After that we get to what I guess could be considered the chorus where Grady essentially admits to being in this false construct of thinking his words are going to make a huge impact on what the listener chooses to do, when really the person impacted the most is him. Again, the lowly blogger understands. It’s essentially why I chose not to interact with artists or publicists anymore. It’s all fun and games when the music is good and you can say lots of super-duper positive things, but when they release something that’s mediocre? It’s hard to say something bad, especially when you’ve become “buddies” with said artist. You also will have people criticize your writing, and honestly I’m still getting used to that. I had a guy recently say my blog was “absolute shit”, and while it stung for a second or so, eventually it became absolutely hilarious for me and inspired me to do this blogging thing even more. I’m still getting used to it though, and in a conversation I recently had with Grady, he said that sometimes the people who are the best at doling out criticism are ironically sometimes the most sensitive people. I believe that. Let’s face it too, nobody really WANTS to be negative. That’s silly. Still, I think more often that not people confuse criticism for blind hatred, when really that’s not the case.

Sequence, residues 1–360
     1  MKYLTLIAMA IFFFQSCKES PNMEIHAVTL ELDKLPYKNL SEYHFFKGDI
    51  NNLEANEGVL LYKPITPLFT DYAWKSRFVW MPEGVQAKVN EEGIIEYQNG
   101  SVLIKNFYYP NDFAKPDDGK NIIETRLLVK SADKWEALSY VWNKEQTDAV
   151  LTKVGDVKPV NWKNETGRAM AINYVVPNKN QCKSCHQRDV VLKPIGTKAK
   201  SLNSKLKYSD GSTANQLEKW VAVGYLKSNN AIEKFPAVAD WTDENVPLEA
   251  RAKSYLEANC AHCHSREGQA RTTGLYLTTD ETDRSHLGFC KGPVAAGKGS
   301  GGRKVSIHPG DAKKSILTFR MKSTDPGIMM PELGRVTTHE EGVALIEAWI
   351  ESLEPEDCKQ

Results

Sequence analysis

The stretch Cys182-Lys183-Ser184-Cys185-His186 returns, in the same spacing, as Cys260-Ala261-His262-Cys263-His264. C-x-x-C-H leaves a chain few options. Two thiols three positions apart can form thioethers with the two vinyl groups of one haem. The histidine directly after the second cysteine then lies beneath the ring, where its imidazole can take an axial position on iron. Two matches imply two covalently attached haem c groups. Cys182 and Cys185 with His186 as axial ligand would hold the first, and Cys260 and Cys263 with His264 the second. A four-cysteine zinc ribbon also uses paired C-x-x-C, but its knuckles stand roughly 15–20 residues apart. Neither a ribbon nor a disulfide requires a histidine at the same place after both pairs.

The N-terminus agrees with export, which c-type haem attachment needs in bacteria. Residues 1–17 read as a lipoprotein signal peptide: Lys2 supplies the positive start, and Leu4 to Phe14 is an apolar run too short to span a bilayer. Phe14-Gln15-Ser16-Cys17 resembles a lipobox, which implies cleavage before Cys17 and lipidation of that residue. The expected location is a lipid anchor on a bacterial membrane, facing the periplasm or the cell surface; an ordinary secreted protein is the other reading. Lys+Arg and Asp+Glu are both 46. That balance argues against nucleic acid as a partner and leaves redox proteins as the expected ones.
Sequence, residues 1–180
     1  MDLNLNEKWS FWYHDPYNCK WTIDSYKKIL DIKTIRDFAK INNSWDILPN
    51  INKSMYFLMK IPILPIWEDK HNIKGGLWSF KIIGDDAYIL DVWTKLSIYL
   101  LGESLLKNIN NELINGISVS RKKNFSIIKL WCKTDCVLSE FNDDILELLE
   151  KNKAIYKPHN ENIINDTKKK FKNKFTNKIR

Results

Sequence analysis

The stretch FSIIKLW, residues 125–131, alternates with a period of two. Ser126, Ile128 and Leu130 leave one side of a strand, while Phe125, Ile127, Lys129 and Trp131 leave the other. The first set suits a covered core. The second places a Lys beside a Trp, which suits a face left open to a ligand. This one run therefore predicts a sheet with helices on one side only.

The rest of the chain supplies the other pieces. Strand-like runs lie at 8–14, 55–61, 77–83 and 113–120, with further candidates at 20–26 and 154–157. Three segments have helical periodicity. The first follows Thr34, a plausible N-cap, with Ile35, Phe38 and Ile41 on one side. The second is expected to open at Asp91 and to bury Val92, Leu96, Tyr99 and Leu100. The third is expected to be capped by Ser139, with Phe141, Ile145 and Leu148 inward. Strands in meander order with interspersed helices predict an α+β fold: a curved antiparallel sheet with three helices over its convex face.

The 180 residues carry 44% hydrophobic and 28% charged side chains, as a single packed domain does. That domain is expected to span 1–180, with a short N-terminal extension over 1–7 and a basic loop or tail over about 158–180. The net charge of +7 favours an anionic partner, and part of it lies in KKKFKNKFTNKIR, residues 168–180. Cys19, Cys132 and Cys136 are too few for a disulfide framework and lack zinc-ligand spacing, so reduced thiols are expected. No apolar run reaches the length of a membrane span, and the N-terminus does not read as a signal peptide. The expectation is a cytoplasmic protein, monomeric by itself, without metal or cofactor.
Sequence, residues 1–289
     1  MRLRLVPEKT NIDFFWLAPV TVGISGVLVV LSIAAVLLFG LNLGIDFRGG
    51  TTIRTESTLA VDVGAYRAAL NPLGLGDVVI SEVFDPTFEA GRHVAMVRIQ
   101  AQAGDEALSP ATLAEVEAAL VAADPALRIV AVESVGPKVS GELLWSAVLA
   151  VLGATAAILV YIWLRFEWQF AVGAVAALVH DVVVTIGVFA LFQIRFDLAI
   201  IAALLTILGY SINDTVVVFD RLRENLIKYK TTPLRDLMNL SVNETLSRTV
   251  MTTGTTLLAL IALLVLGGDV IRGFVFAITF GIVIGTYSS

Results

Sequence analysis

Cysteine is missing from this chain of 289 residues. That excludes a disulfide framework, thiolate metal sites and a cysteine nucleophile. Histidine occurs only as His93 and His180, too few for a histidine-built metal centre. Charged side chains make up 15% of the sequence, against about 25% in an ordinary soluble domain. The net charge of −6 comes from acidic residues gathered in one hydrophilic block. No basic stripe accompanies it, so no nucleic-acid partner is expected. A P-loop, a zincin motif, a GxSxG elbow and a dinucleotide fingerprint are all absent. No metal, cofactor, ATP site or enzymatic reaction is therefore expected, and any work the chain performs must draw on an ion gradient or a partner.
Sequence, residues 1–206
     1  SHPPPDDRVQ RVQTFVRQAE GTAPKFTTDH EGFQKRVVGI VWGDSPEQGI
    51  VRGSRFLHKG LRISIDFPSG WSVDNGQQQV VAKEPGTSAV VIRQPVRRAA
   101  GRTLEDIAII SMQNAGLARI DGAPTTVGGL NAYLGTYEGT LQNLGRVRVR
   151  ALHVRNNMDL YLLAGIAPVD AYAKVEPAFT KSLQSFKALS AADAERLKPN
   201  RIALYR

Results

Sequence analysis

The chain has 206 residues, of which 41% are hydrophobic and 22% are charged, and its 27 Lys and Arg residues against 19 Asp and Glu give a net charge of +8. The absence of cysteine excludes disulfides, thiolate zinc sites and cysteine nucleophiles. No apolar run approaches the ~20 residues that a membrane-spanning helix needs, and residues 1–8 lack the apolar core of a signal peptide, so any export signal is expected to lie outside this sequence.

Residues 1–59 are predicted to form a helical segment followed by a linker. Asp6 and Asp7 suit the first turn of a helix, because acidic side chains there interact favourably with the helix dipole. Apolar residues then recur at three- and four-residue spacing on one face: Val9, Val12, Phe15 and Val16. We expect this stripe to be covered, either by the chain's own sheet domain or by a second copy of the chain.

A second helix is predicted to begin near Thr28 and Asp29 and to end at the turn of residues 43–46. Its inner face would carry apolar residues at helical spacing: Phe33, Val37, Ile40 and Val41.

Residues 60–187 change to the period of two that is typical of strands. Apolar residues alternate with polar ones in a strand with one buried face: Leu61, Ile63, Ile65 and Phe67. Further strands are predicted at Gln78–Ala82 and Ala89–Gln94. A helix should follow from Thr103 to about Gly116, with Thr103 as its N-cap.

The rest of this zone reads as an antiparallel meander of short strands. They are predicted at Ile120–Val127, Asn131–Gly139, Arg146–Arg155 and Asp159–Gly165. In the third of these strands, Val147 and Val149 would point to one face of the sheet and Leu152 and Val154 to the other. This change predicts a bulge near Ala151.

The chorus also seems to suggest that critics are the truth tellers that the particular “genre” needs, and hey, I’m glad it’s said in a mocking tone, because it is absolute bullshit. Yes, Country has a strong group-think culture (echo chambers are another huge problem for Country), but really the side that advocates for “real country” and the side that thinks that country is evolving (independent versus mainstream I guess) has clashed into this ugly civil war when really, it’s alright to like music from both sides. Country could afford to use more color and individual opinions at the forefront rather than an opinion stemming from what the direction of popular culture would suggest.